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My Scholarship entry - Understanding a Culture through Food

WORLDWIDE | Sunday, 22 April 2012 | Views [361] | Scholarship Entry

There's much to be said for a culture that considers congealed blood a breakfast food.

I pushed my cornflakes to the side with poorly cloaked reluctance, pulling a white plate of smeared grease and suety black patties toward me. It was the first of many meals on my road trip through Scotland that would challenge me mentally and gastro-intestinally.

My tummy, after eight months spent savouring the nation's delights, even growls with a rough, Scotch brogue. Remedy? A hissing glass of the ever ubiquitous dentist's nightmare and the Scot's solution to any perceptible ailment, Irn Bru. The only nation in the world where a nationally produced soft drink outsells the major cola companies, a carbonated 'up yours' to the rest of the world.

We head for the Highlands. My digestive distress is dampened to a dull roar by the molecular energy of lolling countryside, centuries of Scottish stories trodden into the wet peat.

By morning tea, we were in Pitlochry and the same carnivorous brutes who welcomed the day with an affray of fried creatures, pour into exquisite tea rooms. Doe eyed, they wipe their boots at the door and gush over lace doilies, pyramids of perfectly crafted scones, homemade jams and just-right tea with the heartfelt husky thankyous that melt the butter on your knife.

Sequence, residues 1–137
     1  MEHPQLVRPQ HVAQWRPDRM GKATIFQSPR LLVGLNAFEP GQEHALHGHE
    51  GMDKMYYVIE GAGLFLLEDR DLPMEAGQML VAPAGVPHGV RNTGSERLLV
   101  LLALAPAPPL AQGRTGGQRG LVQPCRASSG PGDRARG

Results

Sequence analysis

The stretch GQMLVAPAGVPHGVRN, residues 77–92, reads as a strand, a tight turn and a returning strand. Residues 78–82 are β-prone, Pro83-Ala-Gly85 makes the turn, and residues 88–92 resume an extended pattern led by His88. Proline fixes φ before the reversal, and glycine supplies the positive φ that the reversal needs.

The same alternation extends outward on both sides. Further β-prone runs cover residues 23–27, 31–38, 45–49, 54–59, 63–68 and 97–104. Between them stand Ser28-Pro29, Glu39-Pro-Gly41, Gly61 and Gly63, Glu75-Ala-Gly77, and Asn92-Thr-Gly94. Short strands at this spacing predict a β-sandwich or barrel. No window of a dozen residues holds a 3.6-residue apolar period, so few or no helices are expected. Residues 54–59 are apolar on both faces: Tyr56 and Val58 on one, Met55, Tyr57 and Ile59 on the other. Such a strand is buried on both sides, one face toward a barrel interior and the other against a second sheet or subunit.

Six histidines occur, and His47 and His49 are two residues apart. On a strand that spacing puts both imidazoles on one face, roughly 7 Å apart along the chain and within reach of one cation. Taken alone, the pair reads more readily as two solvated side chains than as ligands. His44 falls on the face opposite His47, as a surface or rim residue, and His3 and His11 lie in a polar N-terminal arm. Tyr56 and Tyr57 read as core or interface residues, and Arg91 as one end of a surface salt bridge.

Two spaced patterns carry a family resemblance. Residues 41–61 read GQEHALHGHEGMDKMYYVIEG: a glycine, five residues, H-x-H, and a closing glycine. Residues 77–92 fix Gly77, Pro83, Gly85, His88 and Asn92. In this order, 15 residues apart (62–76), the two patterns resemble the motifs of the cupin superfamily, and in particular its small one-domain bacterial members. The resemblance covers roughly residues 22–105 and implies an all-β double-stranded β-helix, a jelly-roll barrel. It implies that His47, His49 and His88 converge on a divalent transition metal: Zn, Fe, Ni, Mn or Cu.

This is an eclectic food culture of belly hugging stodge that knows no class, no caste, no creed.

We stop in a tiny town, chimneys and crooked bricks and climbing roses, old men in tartan berets. Lunch is Scotch broth. It's hearty, rough, satisfying and overwhelmingly meaty. The steam from our bowls curls and licks at the frozen glass. There's a warming fondness, as if every face is familiar.

Early evening and we've followed our bellies from one end of the country to the other. Toes at the edge of the world. The hills behind us girt by foreboding slate cloud, a soft white mist lays thick in the glen. I lament for the frozen hills of my bloodline and the warmth of the haggis neeps and tatties waiting for us back at the lodge.

Tags: travel writing scholarship 2012

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